Tuesday, January 15, 2008
Gunflint Lake Trial Dog Run
Temps were -6 degrees F this morning with a high somewhere above 10 degrees F.
Tomorrow we have our first full day adventure with clients on Gunflint Lake so we spent today in preparation. Helen and I each took a team of six out on the run and invited John, the Gunflint Lodge Naturalist and Jenny, the Gunflint Lodge Massage Therapist, to come along to offer feedback and to enjoy the experience.
We decided that the best way to get the dogs down to the lake was to bring them in groups in our vehicles. My dog truck is a cube van and too large to take down by the lodge and in addition, there is a very steep hill down to the lake and without a running start, the truck won't make it up. Helen has a dog trailer and it just doesn't make sense to go through the trouble of hooking up the trailer for less than a half a mile. So, I used my Subaru and took two trips, four dogs in one trip and two in another and Helen took all six in the back of her pick-up truck. It works.
We ice screwed our dog tie-outs on the lake, hooked our sleds down, hooked the dogs up to the gang line, took the ice screws out and rolled up our dog tie-outs, pulled the hooks and we were off. I had Tuloon and Klaus in lead, they were getting another change after not being very responsive on my Loon Lake test run. Since there were no hills on this run, I brought Zulu along and Phoenix was next to him in Point. This left Icoa and Ilu in wheel.
At this point, there were numerous tracks now on the lake from which to choose so it was quite the "gee" and "haw" lesson for the young leaders. Once past the point where the snowmobiles travel, the track we had laid a couple days ago was blown over and indistinguishable. My young leaders got a lesson in open country leading and to my surprise, did it like veterans! They were "geeing" and "hawing" all over that lake and I couldn't stop smiling. What a great adventure and they were enjoying every minute of it. I noticed that most of the dogs behind the leaders were also joining in the commands and taking direction from their position. What fun.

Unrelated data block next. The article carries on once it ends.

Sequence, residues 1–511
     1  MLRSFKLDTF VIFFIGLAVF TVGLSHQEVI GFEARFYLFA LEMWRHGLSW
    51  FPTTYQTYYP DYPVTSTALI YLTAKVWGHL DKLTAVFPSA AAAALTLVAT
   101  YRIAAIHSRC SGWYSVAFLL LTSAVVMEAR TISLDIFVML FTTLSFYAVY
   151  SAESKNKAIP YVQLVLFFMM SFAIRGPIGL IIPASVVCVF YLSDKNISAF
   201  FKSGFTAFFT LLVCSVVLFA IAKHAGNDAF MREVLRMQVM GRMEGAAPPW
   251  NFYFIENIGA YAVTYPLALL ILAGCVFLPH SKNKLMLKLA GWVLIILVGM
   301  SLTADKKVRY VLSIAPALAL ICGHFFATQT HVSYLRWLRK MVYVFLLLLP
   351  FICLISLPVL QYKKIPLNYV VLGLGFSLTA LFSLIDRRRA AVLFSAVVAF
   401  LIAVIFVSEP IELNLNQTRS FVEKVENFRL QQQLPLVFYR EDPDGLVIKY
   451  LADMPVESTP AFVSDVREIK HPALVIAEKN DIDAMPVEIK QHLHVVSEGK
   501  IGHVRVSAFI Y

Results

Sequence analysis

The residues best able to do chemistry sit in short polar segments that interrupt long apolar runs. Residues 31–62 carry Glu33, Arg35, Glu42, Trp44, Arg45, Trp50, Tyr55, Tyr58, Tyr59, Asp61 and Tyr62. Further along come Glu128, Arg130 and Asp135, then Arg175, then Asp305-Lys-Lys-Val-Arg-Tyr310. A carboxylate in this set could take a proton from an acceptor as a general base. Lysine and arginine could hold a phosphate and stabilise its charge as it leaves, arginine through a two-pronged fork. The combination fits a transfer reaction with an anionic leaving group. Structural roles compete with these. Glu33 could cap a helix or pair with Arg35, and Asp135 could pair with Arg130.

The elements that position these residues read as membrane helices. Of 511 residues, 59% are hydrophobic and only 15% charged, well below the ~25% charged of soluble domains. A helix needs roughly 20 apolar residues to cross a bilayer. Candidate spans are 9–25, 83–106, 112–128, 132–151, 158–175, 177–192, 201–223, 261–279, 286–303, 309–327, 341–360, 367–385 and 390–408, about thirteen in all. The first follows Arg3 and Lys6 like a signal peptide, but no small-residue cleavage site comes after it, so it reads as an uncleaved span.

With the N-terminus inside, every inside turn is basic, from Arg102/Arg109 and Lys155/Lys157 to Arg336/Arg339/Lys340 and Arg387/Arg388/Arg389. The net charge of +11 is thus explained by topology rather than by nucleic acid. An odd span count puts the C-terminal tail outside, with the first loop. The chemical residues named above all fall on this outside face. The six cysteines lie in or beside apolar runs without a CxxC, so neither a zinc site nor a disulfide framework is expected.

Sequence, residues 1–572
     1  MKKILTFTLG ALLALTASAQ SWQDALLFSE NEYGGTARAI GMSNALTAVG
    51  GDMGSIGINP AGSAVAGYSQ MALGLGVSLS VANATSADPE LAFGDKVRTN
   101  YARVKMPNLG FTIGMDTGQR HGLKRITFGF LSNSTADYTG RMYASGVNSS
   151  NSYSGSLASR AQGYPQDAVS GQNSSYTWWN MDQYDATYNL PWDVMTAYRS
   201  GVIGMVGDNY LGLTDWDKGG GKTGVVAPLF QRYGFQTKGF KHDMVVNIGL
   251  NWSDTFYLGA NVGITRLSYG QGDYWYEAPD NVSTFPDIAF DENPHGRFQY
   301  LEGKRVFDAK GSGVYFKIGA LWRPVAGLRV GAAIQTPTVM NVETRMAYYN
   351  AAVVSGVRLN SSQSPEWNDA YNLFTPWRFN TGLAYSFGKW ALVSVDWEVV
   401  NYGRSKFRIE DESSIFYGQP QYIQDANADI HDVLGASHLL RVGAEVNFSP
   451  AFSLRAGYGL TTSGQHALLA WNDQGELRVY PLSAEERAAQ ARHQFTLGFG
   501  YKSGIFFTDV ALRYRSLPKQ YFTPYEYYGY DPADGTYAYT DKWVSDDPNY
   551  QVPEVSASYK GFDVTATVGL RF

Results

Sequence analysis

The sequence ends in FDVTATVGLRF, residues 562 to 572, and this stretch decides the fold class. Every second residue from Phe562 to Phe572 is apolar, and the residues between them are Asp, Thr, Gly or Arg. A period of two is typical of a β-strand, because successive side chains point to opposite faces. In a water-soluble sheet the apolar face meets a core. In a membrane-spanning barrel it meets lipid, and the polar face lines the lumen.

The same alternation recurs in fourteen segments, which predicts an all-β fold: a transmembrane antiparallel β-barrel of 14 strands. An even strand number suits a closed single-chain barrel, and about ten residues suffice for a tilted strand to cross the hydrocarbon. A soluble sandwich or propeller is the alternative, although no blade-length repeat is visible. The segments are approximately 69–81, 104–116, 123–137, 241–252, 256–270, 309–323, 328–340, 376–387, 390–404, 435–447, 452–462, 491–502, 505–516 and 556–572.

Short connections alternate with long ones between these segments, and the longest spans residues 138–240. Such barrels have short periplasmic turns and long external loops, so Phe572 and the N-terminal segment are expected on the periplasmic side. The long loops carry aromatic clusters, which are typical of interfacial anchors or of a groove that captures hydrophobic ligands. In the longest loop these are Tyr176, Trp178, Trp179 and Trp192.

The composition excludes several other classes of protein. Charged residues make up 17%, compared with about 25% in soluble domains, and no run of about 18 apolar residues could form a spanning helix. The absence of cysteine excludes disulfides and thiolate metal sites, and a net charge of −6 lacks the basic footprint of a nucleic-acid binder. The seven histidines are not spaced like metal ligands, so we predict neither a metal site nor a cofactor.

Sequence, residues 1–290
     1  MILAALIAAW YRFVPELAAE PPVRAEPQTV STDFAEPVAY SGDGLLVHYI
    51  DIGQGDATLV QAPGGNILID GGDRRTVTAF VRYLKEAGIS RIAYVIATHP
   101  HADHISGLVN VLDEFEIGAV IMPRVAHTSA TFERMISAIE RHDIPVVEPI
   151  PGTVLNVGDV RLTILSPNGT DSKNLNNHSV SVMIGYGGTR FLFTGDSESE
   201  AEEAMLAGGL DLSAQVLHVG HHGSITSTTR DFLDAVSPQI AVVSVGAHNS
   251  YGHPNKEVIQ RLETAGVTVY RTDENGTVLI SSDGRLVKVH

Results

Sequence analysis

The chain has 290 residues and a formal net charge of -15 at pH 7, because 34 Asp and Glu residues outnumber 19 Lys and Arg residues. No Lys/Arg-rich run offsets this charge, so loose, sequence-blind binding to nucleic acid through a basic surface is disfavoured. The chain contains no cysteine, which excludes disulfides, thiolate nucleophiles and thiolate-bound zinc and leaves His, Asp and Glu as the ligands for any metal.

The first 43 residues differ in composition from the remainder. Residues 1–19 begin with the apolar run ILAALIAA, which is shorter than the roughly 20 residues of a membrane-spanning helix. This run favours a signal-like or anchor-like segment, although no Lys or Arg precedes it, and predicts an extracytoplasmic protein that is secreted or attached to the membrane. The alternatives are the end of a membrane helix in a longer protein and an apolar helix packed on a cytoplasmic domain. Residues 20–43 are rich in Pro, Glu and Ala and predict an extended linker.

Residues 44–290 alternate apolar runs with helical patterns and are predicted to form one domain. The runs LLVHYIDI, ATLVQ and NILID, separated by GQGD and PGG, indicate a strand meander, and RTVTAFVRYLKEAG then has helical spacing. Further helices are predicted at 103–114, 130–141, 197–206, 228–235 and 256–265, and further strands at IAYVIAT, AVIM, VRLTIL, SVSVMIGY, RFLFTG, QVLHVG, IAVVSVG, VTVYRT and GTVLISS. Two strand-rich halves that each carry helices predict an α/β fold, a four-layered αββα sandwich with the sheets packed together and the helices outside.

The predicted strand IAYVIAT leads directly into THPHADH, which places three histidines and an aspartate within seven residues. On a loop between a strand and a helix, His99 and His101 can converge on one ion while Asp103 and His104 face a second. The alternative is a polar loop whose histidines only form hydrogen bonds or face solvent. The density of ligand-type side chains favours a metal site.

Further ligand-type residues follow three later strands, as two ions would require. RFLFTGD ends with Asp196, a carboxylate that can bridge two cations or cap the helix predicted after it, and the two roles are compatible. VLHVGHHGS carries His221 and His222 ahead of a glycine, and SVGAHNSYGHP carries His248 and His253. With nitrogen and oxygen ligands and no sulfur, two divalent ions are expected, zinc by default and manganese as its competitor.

After a few miles of our open country adventure we joined up with our original trail and headed to Camper's Island for lunch. Here, the tie-outs were ice screwed in the lake and the dogs were taken off the gang line for a break. I had brought along a special trail treat for the dogs of raw, frozen and ground beef liver, beef heart and pork trimmings. Cutting chunks with my ax, each dog got about a third of a pound of the frozen snack. They rested contently while we went on the island to eat our lunch.
In preparation for our departure, I cut a deep groove in the ice with my ax, placed my ice hook in it and pounded it in with the back of the ax. I then secured my quick release to the ice screw closest to my sled. After moving all of the dogs back on the gang line I wound up my tie-out line, making sure to end up closest to my sled so I could pull out the ice screw with the quick release attached, at the very last minute. During all of this, I had my passenger standing on the snow hook which had been securely sunk into the hole in the ice. Once my final ice screw was out, I traded places with my passenger and stood on the snow hook as he got in the sled. The dogs were quite calm at this point so my passenger wouldn't necessarily have had to stand on the hook, however its an extra precaution to take if a second person is available.
On the return trip we ran into just about as much slush as we did on the way out. We were on a different track and even though it seemed packed, the slush still appeared. The dogs were very good about trudging through and not stopping. On the way in, we had stayed a bit too long in one spot of slush and needed to rock the sled several times to get it moving as it had already frozen in the slush.
Upon arriving back to the lodge we noticed that during our absence, trees had been sunk in the lake for us to use to tie our sleds down and to attach our tie-out lines. Those will sure come in handy and they blend into the landscape versus using a wooden or metal post.
Many thanks to our passengers and helpers for the day, John and Jenny!